"Speaking of which 'Islamic world' is, in my opinion, a really poor way to denote that swathe of the world the majority of whose inhabitants are at least nominally Muslim. That locutions been critiqued often -- by, mostly I think, intellectuals from the region in question -- and on solid grounds. Nevertheless, it does seem to be the sort of entity to which one needs to refer at times. Something better would be . . . ?"

Ahh, yes. I think we've discussed this in every graduate seminar I've taken. In order to understand why "Islamic world" has more currency than "Christian world," you have to look at the history of the field. As described by Albert Hourani in "Islam in European Thought," back in the 1800's, scholars believed each civilization had certain core characteristics that made it great. The greatness of the medieval Middle East was in religion, or so they thought, and since the term "Islamic civilization" stuck.

This fell out of favor in the late 20th century. Classical orientalism tended to reify and essentialize its subject, so that Islam became perceived as some vast timeless whole with all the parts having "Islam" as their most important characteristic. For example, when A.S. Tritton went to study religious minorities in the Islamic world, he started off looking at some medieval texts, then moved on to descriptions of random events continually talking about how "the Muslim spirit" was causing this, that, and the other thing. Especially after the publication of Edward Said's Orientalism, however, scholars challenged these approaches, and under the influence of all the much-maligned "theory" of the 1970's and later, came to see texts as social products affected by economics, politics, and other factors.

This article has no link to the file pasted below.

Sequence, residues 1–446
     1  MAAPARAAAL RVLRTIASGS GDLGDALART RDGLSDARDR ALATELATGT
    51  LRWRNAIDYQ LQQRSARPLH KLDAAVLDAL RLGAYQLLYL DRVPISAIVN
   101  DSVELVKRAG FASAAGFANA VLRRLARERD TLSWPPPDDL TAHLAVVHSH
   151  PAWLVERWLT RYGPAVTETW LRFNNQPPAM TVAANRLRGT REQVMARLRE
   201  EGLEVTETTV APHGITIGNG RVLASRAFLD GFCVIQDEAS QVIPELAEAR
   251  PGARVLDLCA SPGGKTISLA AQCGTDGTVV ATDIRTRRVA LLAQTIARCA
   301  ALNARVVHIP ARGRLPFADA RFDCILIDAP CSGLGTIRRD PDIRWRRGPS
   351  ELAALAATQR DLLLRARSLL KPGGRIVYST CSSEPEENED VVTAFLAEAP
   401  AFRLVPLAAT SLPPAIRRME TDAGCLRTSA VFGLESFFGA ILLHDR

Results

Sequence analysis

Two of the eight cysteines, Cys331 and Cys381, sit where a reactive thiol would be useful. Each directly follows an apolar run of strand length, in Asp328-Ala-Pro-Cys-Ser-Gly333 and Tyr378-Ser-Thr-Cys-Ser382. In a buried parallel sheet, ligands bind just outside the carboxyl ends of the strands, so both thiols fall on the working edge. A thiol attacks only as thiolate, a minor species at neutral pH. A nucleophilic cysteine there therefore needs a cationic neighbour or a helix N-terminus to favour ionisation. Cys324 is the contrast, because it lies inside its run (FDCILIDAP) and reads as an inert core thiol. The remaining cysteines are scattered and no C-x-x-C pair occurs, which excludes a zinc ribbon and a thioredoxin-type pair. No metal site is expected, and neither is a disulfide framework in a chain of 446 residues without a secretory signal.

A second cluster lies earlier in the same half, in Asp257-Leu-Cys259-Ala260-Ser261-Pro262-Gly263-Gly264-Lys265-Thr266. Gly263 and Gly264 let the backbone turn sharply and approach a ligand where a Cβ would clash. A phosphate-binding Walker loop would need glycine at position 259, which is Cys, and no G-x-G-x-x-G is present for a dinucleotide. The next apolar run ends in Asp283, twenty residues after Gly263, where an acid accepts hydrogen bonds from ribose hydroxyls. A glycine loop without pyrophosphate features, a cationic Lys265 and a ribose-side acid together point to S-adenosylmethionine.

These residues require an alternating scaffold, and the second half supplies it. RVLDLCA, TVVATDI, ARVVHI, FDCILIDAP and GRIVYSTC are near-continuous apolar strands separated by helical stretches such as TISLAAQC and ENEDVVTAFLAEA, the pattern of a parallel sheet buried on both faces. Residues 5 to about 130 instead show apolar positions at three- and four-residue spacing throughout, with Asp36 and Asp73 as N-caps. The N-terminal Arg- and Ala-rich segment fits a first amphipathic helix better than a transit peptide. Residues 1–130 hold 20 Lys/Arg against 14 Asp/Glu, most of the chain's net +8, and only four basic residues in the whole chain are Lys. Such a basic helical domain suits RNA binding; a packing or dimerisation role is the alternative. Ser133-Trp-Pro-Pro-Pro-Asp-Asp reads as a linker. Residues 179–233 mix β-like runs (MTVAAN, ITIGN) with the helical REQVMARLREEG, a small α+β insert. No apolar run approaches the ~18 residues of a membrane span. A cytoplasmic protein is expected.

Terms like "Islamic world" then fell out of favor as reminiscent of the old approach of seeing Islam as the major explanatory factor. Instead, we saw scholars focusing more clearly on, say, 13th century Egypt, or 20th century Iran, and not seeking to generalize to a broader framework. In my master's thesis, I looked specifically at relations between Copts and Muslims in early 13th century Egypt, and found lots of social, economic, and political causes for things even when they were described in religious terms. Those who continued to generalize, such as Bernard Lewis, were seen as old-fashioned, and even then it is instructive that in the early 1980's he wrote The Jews of Islam, but in the early 1990's it was Race and Slavery in the Middle East.